Despite seeming improvements in addressing gender inequality in other areas, it still is a huge issue in the digital world. It’s much worse in the rural domain where technical aspects such as ICTs are regarded as preserves for males. This is problematic when you note that the greater constituent of the general population is female with the rural population far outweighing the urban folk. Consequently, addressing the digital divide isn’t attainable without ensuring there is improved inclusion and participation of females to eradicate gender inequality.

Infrastructure Development

The main areas requiring attention are electricity and internet connectivity. Most fibre-optic laying projects are yet to cover most rural areas. Most rural areas are yet to even have 4G networks. Such limitations seriously hamper any meaningful progress in making rural folk part of the digital grid. It’s important that the operating environment is opened up for more players. There are few players in the electricity and internet connectivity projects such that those few seem overwhelmed by the colossal need.

Tapping Into Solar Energy

Earlier on I pointed out that financial constraints are the biggest factor causing the digital divide. Electricity is one of the major stimulants of high costs requirements for establishing ICTs infrastructure and making general access cheaper. Most of the rural areas are endowed with perfect landscapes and abundant sunlight which can be leveraged on to generate solar energy. There is a need for putting solar systems on houses and any strategic infrastructure. I even challenge innovators and financiers to think of establishing whole grids by building solar farms. This will go a long way in reducing financial demand on any other developmental initiatives that can be put in place.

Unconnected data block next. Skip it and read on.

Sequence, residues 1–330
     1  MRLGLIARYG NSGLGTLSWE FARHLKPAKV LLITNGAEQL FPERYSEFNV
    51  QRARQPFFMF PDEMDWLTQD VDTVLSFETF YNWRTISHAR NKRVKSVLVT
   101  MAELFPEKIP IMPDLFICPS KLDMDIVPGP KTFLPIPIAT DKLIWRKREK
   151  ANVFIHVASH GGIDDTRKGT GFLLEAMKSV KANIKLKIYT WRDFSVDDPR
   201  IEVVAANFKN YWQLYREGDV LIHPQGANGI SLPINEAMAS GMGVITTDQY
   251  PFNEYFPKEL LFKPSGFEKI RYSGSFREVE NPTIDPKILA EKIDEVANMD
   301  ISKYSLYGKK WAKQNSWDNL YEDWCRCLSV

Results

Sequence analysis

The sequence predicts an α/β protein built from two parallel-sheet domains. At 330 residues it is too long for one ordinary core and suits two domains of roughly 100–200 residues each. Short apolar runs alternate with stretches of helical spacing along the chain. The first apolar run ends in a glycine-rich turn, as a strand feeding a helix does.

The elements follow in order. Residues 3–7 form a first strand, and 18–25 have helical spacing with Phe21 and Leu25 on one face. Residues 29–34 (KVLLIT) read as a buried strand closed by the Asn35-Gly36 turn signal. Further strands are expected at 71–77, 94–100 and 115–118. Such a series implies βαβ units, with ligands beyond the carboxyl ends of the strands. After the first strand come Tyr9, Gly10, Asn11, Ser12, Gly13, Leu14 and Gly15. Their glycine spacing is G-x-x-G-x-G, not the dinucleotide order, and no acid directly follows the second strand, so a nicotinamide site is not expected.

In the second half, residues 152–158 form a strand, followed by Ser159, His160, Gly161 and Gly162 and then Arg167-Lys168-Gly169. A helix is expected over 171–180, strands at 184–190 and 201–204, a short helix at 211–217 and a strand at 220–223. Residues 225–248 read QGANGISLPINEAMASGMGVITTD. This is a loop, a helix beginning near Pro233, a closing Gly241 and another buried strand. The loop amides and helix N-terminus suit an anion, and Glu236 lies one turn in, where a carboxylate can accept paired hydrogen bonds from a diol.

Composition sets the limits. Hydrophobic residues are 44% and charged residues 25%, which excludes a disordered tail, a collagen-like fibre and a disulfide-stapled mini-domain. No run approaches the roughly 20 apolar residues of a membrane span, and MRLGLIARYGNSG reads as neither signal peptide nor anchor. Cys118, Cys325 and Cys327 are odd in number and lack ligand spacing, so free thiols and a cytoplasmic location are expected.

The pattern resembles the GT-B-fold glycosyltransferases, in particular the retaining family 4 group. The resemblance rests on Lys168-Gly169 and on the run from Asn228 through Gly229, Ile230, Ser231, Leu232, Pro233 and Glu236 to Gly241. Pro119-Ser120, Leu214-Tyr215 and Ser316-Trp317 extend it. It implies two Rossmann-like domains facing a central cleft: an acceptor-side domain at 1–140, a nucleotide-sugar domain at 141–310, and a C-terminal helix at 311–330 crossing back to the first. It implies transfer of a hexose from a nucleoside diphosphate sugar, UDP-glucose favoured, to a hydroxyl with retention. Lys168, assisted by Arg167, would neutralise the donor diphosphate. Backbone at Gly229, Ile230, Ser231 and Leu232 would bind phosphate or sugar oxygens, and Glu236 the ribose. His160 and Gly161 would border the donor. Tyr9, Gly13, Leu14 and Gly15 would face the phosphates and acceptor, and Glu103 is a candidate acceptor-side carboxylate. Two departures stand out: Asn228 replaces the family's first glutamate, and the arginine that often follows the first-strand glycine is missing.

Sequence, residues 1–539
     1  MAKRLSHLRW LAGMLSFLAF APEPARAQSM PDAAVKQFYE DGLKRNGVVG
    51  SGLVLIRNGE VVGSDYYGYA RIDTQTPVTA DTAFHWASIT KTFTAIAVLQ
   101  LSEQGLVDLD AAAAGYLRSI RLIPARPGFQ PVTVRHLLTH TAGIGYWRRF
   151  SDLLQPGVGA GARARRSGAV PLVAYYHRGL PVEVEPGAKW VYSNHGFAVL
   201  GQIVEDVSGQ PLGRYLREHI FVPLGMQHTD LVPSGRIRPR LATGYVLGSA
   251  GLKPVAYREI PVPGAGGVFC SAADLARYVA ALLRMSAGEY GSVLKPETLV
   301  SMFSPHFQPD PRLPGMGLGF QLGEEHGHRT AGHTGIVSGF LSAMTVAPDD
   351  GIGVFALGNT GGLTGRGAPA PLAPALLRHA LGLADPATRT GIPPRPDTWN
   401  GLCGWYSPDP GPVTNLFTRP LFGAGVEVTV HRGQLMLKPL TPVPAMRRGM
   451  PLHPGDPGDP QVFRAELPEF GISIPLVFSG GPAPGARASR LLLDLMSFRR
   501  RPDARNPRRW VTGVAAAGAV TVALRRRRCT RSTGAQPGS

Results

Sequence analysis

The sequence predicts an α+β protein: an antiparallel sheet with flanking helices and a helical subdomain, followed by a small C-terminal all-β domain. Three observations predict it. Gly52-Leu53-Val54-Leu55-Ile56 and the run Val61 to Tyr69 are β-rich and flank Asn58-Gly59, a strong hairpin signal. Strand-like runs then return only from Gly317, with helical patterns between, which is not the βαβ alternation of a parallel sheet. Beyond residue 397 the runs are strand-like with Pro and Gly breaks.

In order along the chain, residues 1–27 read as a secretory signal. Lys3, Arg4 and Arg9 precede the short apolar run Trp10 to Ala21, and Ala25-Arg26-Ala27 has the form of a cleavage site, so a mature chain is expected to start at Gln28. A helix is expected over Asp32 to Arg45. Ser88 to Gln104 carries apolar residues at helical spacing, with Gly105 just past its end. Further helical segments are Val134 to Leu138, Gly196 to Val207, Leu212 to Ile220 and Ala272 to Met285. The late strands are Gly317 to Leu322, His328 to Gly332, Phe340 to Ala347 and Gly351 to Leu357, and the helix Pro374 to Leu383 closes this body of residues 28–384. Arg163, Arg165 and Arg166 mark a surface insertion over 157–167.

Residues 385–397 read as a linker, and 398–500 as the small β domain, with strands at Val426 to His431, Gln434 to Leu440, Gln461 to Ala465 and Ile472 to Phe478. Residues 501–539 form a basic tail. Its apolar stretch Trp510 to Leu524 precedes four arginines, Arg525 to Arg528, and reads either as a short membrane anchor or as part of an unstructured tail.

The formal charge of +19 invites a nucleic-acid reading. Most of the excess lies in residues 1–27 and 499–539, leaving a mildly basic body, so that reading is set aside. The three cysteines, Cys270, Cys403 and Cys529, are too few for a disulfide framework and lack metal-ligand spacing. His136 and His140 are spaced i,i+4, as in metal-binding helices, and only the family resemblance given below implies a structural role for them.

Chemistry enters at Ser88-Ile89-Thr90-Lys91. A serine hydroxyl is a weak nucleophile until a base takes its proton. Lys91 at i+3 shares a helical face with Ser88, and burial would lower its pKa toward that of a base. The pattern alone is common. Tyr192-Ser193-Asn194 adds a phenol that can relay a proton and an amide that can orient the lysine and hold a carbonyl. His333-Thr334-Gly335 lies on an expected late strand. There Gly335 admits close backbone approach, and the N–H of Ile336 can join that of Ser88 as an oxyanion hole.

Lack of funding is the biggest impediment to addressing the digital divide. Two quick players that come to mind in channelling efforts in this regard are:

Corporate Partnerships

There are a lot of corporate players local, regional or international that have the financial muscle to address the digital divide. There is a need for favourable partnerships or alliances to be forged with them. Especially if the civil society and business sector players are engaged symbiotically, some robust solutions can be consummated.

Government Funding

Government has a major role to play as they can effectively eliminate red tape and bottlenecks that can be disruptive. They can provide funding for innovators with interest in tackling the digital divide. They can enact subsidies for such players so that they can smoothly implement their proposed solutions. This will result in overall increased accessibility through affordability and widespread presence of ICT infrastructure.

Three overarching areas that need to be ensured are infrastructure establishment, the increased affordability of ICTs (particularly data and devices) and public awareness or education. There is an indispensable need for progressive partnerships to be built amongst the government, civil society and the business sector. The reason why even some of the tech advancements now replete in other countries are still to take off locally is our digital divide.